How Lego Thinks of Making Construction Play Digital

Lego figurines, including one in a wheelchair are pictured at the Lego booth on January 28, 2016 in Nuernberg during the 67th International Toy Fair. / AFP / dpa / Daniel Karmann / Germany OUT (Photo credit should read DANIEL KARMANN/AFP/Getty Images)
Photograph by Daniel Karmann — AFP/Getty Images

Lego has maintained over a decade of successful sales growth in the United States market by focusing on a key category of the toy aisle that it dominates: construction sets.

Most of the success can be attributed to a mix of licensed gear from hot properties like Star Wars, The Avengers and Batman, as well as internally developed lines like the female-focused Lego Friends and the Lego City themes. Ahead of New York’s toy fair, the company reported U.S. sales jumped 11% in 2015, the 11th consecutive year of growth in the market as it also gained share in the toy aisle.

But there’s another opportunity to boost the brand’s well established equity with parents and kids. Lego sees a future in digital too.

“You can’t create an attractive property for children without playing in the digital space,” Soren Torp Laursen, president of LEGO Systems, told Fortune at Lego’s booth at the toy industry’s most important display event to media and retail clients. “So pretty much everything we do has a digital connotation to it.”

A big initiative in this digital category is Lego’s new internally developed Nexo Knights line, which is a theme focused on a medieval kingdom set in a futuristic world. The digital connection is the ability to scan knight shields from the physical toy sets using a mobile device and being able to “download” the powers assigned to those shields and use them in Lego app game.

Lego first began to stock Nexo Knights sets at the beginning of the year and it will be a big focus for the Danish toy company. The app debuted late last year and is already available for download via several platforms, including Apple’s App Store and Samsung Apps.

Lego addresses gender

Heading into this year’s New York City Toy Fair, the company says it is also hearing positive feedback via social channels for some new “minifigures” that signal a more inclusive view of the world today. Within the Lego City line, the toy maker has constructed a kid in a wheelchair with a guide dog for the first time ever. A stay-at-home dad (while his Lego wife minifigure is depicted in a work outfit) is also a first. Those figures “mirror the world we live in today,” Lego says. That’s true: as Pew Research Center data indicates, there are a rising number of stay-at-home dads today.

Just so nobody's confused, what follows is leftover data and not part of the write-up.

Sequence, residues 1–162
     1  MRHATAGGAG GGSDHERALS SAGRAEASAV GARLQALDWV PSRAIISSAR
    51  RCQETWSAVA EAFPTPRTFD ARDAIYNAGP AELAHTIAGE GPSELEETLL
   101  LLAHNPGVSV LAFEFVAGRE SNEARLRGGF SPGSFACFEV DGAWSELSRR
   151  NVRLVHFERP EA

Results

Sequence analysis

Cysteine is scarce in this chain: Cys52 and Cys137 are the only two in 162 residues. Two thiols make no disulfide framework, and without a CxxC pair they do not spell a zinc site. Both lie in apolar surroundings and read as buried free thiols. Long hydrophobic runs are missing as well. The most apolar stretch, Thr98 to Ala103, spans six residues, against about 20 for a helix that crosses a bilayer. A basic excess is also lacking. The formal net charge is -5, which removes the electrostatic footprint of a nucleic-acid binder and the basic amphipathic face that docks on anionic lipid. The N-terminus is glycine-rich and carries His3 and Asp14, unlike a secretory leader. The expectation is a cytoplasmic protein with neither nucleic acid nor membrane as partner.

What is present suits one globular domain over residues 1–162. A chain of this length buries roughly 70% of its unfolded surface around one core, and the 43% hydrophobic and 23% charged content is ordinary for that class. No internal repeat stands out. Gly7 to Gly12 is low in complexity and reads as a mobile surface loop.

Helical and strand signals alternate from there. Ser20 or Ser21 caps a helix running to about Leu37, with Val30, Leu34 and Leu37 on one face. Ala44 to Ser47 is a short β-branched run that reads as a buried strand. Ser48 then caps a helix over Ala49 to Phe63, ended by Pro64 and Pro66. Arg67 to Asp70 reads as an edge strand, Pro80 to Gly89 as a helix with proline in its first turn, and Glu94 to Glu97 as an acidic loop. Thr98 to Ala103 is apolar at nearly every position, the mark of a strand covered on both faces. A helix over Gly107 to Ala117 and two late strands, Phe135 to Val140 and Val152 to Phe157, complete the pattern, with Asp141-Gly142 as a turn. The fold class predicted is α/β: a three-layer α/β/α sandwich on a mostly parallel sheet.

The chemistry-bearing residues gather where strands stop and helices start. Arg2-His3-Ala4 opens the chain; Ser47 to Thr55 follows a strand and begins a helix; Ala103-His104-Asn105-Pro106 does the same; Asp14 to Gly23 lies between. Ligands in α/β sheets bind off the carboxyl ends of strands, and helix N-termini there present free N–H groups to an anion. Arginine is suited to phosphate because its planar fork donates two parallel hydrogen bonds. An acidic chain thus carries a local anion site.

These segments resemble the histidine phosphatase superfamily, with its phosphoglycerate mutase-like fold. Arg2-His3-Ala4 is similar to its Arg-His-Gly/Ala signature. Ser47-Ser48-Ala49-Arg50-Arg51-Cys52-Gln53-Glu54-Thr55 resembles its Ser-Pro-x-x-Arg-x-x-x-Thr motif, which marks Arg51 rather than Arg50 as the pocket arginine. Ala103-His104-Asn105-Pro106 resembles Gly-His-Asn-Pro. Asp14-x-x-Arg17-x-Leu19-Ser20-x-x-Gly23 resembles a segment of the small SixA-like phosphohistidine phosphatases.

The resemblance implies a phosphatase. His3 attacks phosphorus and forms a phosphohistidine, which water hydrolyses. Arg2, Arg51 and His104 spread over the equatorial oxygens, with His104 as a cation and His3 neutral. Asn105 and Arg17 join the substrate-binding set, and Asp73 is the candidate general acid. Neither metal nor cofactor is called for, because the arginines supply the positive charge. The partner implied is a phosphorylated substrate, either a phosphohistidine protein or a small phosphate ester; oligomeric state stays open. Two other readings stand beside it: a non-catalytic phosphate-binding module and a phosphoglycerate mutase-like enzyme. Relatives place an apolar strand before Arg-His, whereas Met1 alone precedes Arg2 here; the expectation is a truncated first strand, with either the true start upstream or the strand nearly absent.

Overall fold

“We need to stay in tune with the world around us,” Laursen says. “We aren’t responding to demand from anyone. We are trying to portray the world around us and listen to our consumer base.”

Lego has a lot of opportunity to play with diversity in the line of minifigures that it sells. Those figures don’t come with as much social baggage as say, a Barbie doll, which is also going through some major physical changes. Lego’s minifigures, which have been on the market for 38 years now, have been viewed as a more neutral character that features a lot of customization options.

There has been some criticism in the past in regards to how Lego has tackled gender. A few years ago when it debuted the Lego Friends line, some were critical of the use of pink and purple blocks, as well as sets that featured themes that some thought were too stereotypical for girls (play sets featuring hair salons and pop star stages). Some sets this year prompted more physical themes, including camping and archery.

Lego, however, has said that before it began to court girls more aggressively with themes like Lego Friends, it sold very few sets to girls. The success of those themes has led more gender-neutral sets to be sold to girls, giving the toy maker a greater balance in terms of sales between the genders. Social media has elevated the risks and rewards of those social conversations.

To Lego, changes in how the brand evolves are part of being a responsible corporate citizen. Consumers are demanding more, and the toy company says it is fine with that.

“We are all part of the same world and we need to portray that to the best of our abilities,” Laursen said.

Subscribe to Well Adjusted, our newsletter full of simple strategies to work smarter and live better, from the Fortune Well team. Sign up today.

Read More

Great ResignationInflationSupply ChainsLeadership